Ayvazyan believes that the number of unknowns in the Russian initiative does not give Yerevan or Baku, and even more so the expert community, any grounds for making far-reaching conclusions. “There is no doubt Russia is trying to make a diplomatic leap into the former Transcaucasus, and it is possible that Russia wants to achieve this by partly sacrificing the interests of Armenia's military security.” But the expert notes that even this Russian scenario, if it really consists of surrendering territories and deploying Russian peacekeepers in and around Karabakh, would not satisfy the ambitions of Azerbaijan. The latter will hardly agree to the presence of Russian military bases on the Nagorno-Karabakh territory, especially when considering the fate of Abkhazia and South Ossetia. “Such scenario cannot be accepted by the Armenian side either. And in this particular case — namely in this life and death issue — the party to the conflict is not the Armenian government, but all Armenian people,” he noted.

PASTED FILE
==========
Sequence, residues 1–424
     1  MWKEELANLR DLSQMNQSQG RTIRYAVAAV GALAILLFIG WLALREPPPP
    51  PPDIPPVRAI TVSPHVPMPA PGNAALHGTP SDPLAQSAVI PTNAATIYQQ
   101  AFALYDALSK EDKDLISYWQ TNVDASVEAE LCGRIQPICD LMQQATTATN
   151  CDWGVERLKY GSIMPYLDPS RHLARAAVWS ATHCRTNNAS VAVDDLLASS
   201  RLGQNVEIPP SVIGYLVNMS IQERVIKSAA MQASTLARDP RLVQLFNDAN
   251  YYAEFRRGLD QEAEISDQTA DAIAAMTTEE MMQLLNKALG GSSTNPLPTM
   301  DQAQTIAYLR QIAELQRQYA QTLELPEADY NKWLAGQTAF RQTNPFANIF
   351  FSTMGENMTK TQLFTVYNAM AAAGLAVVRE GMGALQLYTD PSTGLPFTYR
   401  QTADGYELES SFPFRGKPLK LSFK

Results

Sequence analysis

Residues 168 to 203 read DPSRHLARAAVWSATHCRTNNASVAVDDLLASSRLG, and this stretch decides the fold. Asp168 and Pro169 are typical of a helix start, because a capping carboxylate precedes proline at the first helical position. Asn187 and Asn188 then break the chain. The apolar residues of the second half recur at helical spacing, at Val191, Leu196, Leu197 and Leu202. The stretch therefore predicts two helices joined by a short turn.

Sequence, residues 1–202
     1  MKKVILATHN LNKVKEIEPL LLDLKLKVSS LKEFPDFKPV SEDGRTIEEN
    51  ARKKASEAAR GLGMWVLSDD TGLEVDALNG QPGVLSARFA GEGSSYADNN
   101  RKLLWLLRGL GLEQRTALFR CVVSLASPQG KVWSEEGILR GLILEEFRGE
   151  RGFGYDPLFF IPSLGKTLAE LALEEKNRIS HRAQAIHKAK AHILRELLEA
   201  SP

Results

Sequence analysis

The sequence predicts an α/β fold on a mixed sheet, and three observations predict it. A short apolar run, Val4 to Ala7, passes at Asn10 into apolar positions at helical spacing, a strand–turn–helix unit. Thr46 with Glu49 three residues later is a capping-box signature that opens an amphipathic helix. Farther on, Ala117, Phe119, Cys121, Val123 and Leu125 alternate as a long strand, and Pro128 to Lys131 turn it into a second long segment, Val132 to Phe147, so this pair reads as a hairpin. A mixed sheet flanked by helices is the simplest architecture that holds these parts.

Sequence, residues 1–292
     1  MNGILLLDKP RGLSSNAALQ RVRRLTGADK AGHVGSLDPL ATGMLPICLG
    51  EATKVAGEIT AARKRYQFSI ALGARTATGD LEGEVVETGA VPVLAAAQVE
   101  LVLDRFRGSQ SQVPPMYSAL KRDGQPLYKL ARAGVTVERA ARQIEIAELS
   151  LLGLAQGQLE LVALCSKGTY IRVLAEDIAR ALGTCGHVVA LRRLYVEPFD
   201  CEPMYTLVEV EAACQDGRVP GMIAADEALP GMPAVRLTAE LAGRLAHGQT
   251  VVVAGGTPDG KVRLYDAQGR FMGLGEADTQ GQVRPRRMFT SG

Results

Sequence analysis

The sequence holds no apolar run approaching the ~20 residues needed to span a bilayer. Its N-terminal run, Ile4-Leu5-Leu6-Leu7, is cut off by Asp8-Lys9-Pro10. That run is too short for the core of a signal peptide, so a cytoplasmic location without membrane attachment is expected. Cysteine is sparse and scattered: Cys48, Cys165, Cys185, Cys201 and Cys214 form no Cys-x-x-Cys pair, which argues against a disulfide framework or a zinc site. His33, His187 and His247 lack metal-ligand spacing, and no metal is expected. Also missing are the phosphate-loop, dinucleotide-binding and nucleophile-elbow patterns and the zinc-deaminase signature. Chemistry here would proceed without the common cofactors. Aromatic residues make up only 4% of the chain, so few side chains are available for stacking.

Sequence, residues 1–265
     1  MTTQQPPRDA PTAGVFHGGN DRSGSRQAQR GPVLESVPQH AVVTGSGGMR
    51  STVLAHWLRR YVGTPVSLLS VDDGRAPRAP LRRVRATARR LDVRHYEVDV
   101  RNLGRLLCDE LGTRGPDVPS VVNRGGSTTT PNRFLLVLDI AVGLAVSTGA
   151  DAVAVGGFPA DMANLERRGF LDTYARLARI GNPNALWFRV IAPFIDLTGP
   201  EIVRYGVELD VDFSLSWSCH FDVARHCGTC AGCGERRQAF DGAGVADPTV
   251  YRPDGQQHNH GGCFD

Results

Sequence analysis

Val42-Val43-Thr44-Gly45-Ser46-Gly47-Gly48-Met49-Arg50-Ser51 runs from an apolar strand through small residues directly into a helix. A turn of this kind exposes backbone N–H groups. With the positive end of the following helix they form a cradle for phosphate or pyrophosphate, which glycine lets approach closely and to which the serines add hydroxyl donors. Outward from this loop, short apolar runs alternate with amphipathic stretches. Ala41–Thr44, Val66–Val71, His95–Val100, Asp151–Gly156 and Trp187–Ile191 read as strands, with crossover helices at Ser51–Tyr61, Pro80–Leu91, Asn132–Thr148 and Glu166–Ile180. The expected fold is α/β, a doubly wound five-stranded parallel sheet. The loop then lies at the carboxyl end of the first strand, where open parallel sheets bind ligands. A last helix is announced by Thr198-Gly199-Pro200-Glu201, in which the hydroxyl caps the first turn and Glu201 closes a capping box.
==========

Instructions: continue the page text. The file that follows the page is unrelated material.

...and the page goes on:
Ayvazyan does not exclude other scenarios as well. “It is possible that an entirely different combination is being laid out by the Kremlin — namely a bluff intended to grab first place in the new game for dominance in the Transcaucasus. A similar short-lived bluff is the Turkish initiative for Caucasus Stability and Security Platform, which, though it has no chance of fruition, is already yielding dividends to Turkey, the initiating side,” Ayvazyan explains.
The expert deduces that the only somber conclusion that can be made in regard to the current peace talks is that the Karabakh conflict cannot be resolved through negotiations. “A peaceful settlement of the conflict could only imply preservation of the status-quo solidified in a legal form, because all other scenarios will imply resumption of war, with unforeseen consequences for the parties to the conflict as well as to the region at large.” Ayvazyan believes that in the current situation the Armenian leadership should focus its attention not so much on the external processes that defy reliable medium-term forecasts, but on strategic constants of security — such as strengthening the army, utilizing the liberated territory, building effective state institutions, and launching a demographic policy focused on mass repatriation of Armenians.
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To παραπάνω άρθρο αποτελέι ανάλυση και υπόθεση, και οχι ειδηση